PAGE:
Monday, 16 November 2015

The frightened horse and tragic death Bromley Kent 1863

I am currently transcribing the volumes of sextons accounts for Bromley; a neglected source in Bromley Archives.
Bromley had the consistent service of members of the Dunn family in the eighteenth century as Parish Clerk and in the nineteenth century as sextons.
The most detailed entry I have found records the fatal encounter of a horse and young 15 year old James Henry Baker who played the triangle in the 18th Kent Volunteer Band (known locally as the Rifle Band).
The Bromley Record edition of 1 September 1863 describes how as the band reached Bromley on 21 August 1863 on their return march from Blackheath they began to play as was customary in the town. Sadly they encountered a Market Gardener's horse drawn van and the frightened horse caused the van to hit James Henry Baker who was killed instantly as the van wheel passed over his head. An inquest was held on Monday 25 August 1863 and returned a verdict of Accidental Death.
The sexton's account written by Edward Dunn records the funeral of 27 August 1863 and the two death marches played as the Band marched to the parish church and subsequently at the grave side as was customary for the funeral of any member of the band.
The funeral was conducted by Reverend Arthur Gresley Hellicar and is described as "very imposing" in the Bromley Record account. The son of the master of the National School and a popular pupil and band member the funeral was large as all pupils of the National School and most inhabitants attended.
The tragedy of the death is also reflected by Edward Dunn in a marginal entry in the sexton's account which points out that the death took place on the evening before his sixteenth birthday;The Bromley Record account describes his invitation to many band members and fellow pupils to attend his birthday celebration.
The Bromley  Record account refers to the impressive demeanour of the people of Bromley at this funeral and the large attendance.
James Henry had been an enthusiastic supporter of the band although not yet a a member of the 18th Kent Volunteers he had been encouraged to participate in band activities.
The sexton's account books routinely identify the relatives of the deceased and short biography with reference to occupation of former occupation as well as identifying where the burial took place in the churchyard and in later entries the name of the Undertaker responsible for arrangements. As such they are more detailed than the parish register entry of burial. The volumes are part of the parish records deposited within the Archives and my transcript will be added to the Bromley page at Kent Online Parish Clerks in due course.

© Henry Mantell Downe Online Parish Clerk 2015

Saturday, 7 November 2015

The Art of Bedlam:Richard Dadd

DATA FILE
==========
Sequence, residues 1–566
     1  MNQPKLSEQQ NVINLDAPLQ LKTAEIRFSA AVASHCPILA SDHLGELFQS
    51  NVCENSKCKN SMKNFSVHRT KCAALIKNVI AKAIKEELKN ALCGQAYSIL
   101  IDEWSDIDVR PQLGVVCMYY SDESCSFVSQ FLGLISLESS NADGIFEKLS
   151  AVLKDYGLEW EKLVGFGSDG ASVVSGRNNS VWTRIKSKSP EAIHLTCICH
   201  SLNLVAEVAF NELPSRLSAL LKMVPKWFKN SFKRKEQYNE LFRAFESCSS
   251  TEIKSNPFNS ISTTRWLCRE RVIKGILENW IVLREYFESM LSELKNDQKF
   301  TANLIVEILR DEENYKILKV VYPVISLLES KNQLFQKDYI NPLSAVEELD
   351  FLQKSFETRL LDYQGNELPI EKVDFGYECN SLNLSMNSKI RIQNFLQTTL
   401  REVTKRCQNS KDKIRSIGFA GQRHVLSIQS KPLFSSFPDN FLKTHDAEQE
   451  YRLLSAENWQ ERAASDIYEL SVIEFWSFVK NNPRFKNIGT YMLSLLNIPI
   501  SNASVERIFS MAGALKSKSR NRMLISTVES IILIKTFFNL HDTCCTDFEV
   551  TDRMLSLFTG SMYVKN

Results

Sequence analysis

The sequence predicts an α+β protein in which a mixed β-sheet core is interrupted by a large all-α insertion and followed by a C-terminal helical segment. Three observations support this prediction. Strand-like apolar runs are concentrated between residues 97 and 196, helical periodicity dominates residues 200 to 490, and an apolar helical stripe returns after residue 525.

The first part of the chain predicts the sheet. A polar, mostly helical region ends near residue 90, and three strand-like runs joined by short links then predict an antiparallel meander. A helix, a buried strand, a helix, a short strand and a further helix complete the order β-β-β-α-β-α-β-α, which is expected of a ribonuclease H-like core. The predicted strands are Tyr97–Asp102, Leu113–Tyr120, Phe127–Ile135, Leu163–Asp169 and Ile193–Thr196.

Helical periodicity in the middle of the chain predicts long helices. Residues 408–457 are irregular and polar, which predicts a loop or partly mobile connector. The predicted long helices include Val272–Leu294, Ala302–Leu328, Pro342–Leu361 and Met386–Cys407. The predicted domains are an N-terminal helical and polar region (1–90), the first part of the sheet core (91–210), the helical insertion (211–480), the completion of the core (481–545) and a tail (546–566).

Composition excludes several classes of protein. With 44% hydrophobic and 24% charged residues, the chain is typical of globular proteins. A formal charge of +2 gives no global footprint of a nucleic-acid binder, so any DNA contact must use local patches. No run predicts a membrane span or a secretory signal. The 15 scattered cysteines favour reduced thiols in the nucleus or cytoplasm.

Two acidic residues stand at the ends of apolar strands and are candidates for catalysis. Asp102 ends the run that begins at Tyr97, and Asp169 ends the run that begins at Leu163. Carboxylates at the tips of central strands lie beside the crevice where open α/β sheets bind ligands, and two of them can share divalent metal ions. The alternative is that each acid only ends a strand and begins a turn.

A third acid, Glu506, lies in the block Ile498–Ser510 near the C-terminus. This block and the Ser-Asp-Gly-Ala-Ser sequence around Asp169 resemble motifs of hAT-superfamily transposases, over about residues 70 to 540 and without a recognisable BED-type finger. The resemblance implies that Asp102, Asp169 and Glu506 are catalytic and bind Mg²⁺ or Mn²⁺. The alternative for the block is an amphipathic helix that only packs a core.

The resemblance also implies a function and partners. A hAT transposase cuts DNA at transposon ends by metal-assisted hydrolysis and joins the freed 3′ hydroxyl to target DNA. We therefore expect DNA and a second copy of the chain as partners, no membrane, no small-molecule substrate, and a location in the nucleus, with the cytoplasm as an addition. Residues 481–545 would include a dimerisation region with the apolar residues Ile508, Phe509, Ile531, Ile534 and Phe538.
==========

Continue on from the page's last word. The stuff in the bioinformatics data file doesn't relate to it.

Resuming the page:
I was one of the first day visitors to Bethlem Museum of the Mind which hosts this exhibition from 7 November 2015 until 6 February 2016 (closed 23 December reopens 2 January 2016). During the exhibition two companion talks are to be held and on 7 November Bethlem Archivist Colin Gale  introduced visitors to "A very sensible and agreeable companion: Richard Dadd the Bethlem patient".

The exhibition includes sketches and paintings which form part of the Bethlem archives and other material held in other collections. The substantial Bethlem collection has been on loan to the Watts Gallery Compton and Doctor Nicholas Tromans curates the Bethlem Museum exhibition and will  give a companion talk on Saturday 5 December 2015 about Dadd the artist.
Colin Gale placed Dadd's 20 year detention on the Criminal Lunatic Ward of Bethlem in the historical context of the Hospital of the nineteenth century.
We owe an enormous debt to Patricia Allderidge who was Archivist at Bethlem until retirement in 2003. Her study of the art collection lead to her curating a Tate exhibition in 1974 and writing a book about Dadd.It was her vision which lead to the creation of the 21st century Museum of the Mind and gallery for exhibitions such as this one and Colin  paid tribute to her work,
Dadd was a rising star as a Royal Academy trained artist and the exhibits reflect his great ability, However he came back from a tour of the Middle East and acting under the influence of a compulsion born of a powerful delusion that he was the agent of the Egyptian god Osiris engaged in battle with the Devil who had assumed the appearance of his own father stabbed his father to death in one of the most famous cases of Victorian murder.
Colin detailed the sympathy for Dadd which was evident from the outset drawing upon upon letters from his brother to Royal Academicians and the sympathetic treatment by Hospital staff and by the Victorian press.
His case notes form part of the exhibition and whilst the "Moral Management" of patients detained at Her Majesty's Pleasure offered him every assistance to paint his mental state was always questionable with Hood in 1854 describing his lack of insight into his behaviour but then contrasting that with the "sensible and agreeable companion" which formed this talk's title.
The exhibition attracted many visitors on its opening day and is open Wednesdays to Fridays Museum of the Mind events
I have long appreciated Dadd's art and as a visitor to Bethlem Archive in the 1970's was probably enthused by Patricia Allderidge following her Tate exhibition and book. Dadd is now recognised as a leading British Artist but one wonders if this would have been the case without Patricia's dedication to the material she curated as an archivist.
Currently the Bethlem Gallery has an interesting exhibition Unescorted #6 featuring the work of Interim Secure Unit patients.
The unification of two galleris in the same building together with the permanent Museum exhibits make for a very interesting visit.